J. Joshua Placa
The Victory Vampire rests against a background of piñon pine and scrub brush.
The villages were almost invariably built on a mesa, hilltop, or even a large boulder, presumably for their defensive position and likely doubling as a signal tower, relaying alerts or messages from one high point to the next. With rainfall harvested from intermittent springs, seasonal washes, and the use of small dams and terraced slopes, corn, beans, and squash were grown to supplement hunting and gathering.
Around the time some plucky English barons forced King John to put quill to parchment and sign the Magna Carta and Genghis Khan was the scourge of central Asia and China, the people of 12th century Wupatki had built what anthropologists believe was the richest and most influential pueblo in the region, a far-reaching trade center and home to one the largest Southwestern populations of the period.
Their success was in no small way built on the ashes of Sunset Crater volcano, which had erupted only about 100 years before settlements grew to significant size. It must have been spectacular. Volcanists estimate it destroyed all plant life within a 5-mile radius. A fountain of fire shot 850 feet into the sky and an ash cloud rose 2.5 miles, leaving falling ash to blanket some 64,000 acres. In nearby present-day Flagstaff, where fall temperatures can drop 40 to 50 degrees by sunset, I sometimes hope the volcanoes will wake up just long enough to spill some nice, warm lava on me.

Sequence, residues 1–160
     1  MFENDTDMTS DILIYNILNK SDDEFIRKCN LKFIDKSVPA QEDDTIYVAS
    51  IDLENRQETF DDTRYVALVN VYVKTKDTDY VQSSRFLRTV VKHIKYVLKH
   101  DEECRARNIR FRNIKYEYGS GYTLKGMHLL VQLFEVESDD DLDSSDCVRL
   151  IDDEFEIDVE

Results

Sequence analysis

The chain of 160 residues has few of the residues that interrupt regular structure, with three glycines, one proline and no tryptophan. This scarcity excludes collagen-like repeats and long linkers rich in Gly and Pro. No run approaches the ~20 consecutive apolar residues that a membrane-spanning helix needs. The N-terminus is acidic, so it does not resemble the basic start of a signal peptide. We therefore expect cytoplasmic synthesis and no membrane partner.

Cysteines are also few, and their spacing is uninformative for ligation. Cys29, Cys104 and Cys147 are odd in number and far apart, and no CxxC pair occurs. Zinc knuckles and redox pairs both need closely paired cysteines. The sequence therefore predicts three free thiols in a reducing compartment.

J. Joshua Placa
Strategy was involved in building villages, by placing them on mesas, hilltops, or large boulders the ancient people had panoramic views of the area around them in case enemies attacked.
The cinders turned out to be a blessing. Not only do they enrich the soil, but more importantly the cinders retain moisture, making agriculture practical in an parched environment. As Wupatki and neighboring pueblos flourished trade networks expanded, bringing everything from turquoise to copper bells and even exotic birds to the seemingly barren area. Some 2,000 people were estimated to settle the area after the eruption, according to archeologists.